Sleep Training

Katherine - posted on 02/09/2011 ( 7 moms have responded )




I am a member of the ‘cry-it-out’ generation. When my daughter, Kyra, was just a few days old, my mother suggested we leave her to cry for twenty minutes and she would sleep better. If she was still crying after twenty minutes, we could go in comfort her, and then start again. I sat in the next room crying as I heard my newborn crying. We did it twice, and I vowed never again.
Since then, Kyra has slept either in her cot next to our bed, or in our bed. She is either soothed to sleep, nursed to sleep, or if we’re out and about tends to fall asleep in the sling before being transferred to the cot next to our bed.

To me, the whole concept of crying it out is cruel. Yes, babies need to learn, but babies also need to be mothered.

I know that if I was hungry, cold, tired or just feeling the need for affection and human touch and I lay in my bed crying and my husband simply ignored me, our relationship would very quickly suffer. If he could leave me to cry, and tell me to ‘just go to sleep’, or tell me ‘you need to learn’, but withheld his affection from me, I would not feel that I was able to trust him.

How then, can I ask a baby who has no understanding of life away from my heartbeat, or of temperatures outside of my womb, to whom quiet darkness is new, strange noises are unsettling and being alone is unknown, to get over it and go to sleep?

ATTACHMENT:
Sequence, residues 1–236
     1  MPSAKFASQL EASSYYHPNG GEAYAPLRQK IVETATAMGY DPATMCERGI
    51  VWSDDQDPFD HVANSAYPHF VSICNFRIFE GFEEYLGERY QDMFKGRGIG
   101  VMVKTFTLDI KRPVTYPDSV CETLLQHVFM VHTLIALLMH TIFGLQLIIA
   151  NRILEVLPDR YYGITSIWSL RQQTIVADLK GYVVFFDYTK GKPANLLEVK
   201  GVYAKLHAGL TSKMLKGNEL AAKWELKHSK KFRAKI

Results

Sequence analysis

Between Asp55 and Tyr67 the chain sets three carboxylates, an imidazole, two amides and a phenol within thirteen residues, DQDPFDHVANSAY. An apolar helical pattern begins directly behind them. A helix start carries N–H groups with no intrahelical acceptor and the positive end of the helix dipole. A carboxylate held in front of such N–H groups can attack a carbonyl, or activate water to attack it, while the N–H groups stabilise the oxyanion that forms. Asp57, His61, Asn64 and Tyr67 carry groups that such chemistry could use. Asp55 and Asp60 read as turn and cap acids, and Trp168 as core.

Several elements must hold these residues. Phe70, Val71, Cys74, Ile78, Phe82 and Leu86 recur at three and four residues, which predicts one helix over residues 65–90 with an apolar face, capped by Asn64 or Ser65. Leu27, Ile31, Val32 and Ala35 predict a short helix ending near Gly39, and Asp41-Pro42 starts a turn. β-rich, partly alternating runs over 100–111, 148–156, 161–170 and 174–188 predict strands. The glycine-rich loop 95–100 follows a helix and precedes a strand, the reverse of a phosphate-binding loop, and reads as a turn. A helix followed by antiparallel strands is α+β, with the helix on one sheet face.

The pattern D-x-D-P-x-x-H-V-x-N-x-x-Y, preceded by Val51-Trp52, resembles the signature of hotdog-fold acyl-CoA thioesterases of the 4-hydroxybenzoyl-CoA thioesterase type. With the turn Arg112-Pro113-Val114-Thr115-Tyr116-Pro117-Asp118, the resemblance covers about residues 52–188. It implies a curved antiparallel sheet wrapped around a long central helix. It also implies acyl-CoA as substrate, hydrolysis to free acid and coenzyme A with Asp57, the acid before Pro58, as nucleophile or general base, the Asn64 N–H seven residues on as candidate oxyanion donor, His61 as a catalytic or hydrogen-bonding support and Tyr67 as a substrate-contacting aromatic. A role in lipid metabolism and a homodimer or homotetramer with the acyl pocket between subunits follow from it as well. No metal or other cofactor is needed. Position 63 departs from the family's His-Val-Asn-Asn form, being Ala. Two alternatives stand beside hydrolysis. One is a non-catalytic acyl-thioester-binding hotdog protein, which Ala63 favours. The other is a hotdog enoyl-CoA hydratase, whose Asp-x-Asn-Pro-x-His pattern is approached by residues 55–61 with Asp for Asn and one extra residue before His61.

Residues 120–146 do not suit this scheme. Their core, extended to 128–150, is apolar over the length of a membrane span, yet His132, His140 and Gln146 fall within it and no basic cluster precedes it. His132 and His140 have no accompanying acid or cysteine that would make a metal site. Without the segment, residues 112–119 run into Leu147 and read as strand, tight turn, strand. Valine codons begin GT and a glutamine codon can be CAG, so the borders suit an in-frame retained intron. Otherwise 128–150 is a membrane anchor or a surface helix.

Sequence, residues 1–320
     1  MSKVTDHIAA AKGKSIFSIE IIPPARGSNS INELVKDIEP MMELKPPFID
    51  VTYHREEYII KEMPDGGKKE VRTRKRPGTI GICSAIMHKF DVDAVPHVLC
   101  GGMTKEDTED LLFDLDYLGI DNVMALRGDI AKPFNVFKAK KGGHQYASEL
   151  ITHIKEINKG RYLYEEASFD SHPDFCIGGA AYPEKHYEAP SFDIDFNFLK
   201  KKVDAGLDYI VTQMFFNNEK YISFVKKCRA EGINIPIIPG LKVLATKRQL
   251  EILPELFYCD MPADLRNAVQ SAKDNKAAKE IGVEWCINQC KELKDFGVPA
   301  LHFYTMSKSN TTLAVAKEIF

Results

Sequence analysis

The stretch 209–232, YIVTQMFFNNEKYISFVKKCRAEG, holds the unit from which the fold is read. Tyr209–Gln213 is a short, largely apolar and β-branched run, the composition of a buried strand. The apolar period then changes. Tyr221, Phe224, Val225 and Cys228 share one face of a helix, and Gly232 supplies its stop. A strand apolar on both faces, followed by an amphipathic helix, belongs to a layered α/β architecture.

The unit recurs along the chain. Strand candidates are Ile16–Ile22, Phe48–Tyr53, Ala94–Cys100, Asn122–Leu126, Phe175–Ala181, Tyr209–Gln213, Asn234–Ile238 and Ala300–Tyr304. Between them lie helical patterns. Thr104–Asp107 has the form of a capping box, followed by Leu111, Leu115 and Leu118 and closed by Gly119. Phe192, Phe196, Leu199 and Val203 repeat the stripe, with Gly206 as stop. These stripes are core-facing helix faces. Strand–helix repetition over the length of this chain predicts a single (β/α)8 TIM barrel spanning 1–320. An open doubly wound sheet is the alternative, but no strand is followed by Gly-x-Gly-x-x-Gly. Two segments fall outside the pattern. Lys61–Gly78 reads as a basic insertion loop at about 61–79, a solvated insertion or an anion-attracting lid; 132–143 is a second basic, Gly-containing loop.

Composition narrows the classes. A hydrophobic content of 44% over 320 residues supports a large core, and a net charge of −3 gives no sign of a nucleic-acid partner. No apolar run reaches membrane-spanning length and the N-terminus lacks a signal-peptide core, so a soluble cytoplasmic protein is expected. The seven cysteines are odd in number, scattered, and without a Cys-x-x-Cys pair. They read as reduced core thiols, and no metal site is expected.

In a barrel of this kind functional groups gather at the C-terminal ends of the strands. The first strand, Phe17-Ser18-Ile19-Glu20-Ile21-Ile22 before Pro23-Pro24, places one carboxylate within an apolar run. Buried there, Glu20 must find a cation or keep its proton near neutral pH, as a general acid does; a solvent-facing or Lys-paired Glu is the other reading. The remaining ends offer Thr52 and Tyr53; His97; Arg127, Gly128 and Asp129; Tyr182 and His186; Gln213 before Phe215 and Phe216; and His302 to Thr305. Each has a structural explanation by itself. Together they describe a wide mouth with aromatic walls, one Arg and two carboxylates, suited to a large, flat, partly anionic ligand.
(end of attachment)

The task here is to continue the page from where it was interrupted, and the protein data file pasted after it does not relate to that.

In her book, What Mothers Do especially when it looks like nothing, Naomi Stadlen talks about the heightened distress that some mothers feel when they hear their babies cry at night. She finds it surprising to see how many of these mothers were given sleep training themselves as babies, and draws an interesting parallel between those who were subjected to sleep training, and have become distressed parents.

She goes on to suggest that it perhaps “reactivates their own early shock at being trained to sleep without their parents at night. They have not retained conscious memories of crying. But when these mothers turn to their parents for suggestions for getting their babies to sleep at night, they are startled to hear about how they themselves had been left to cry”.

This makes sense, in many ways – you just have to look at the effects of cry-it-out style sleep training to see it.

I have listened to so many mothers over the last ten months talk about sleep and how desperate they are for their little ones to sleep through the night, and I’ll admit, eight solid hours sounds blissful, but at what cost?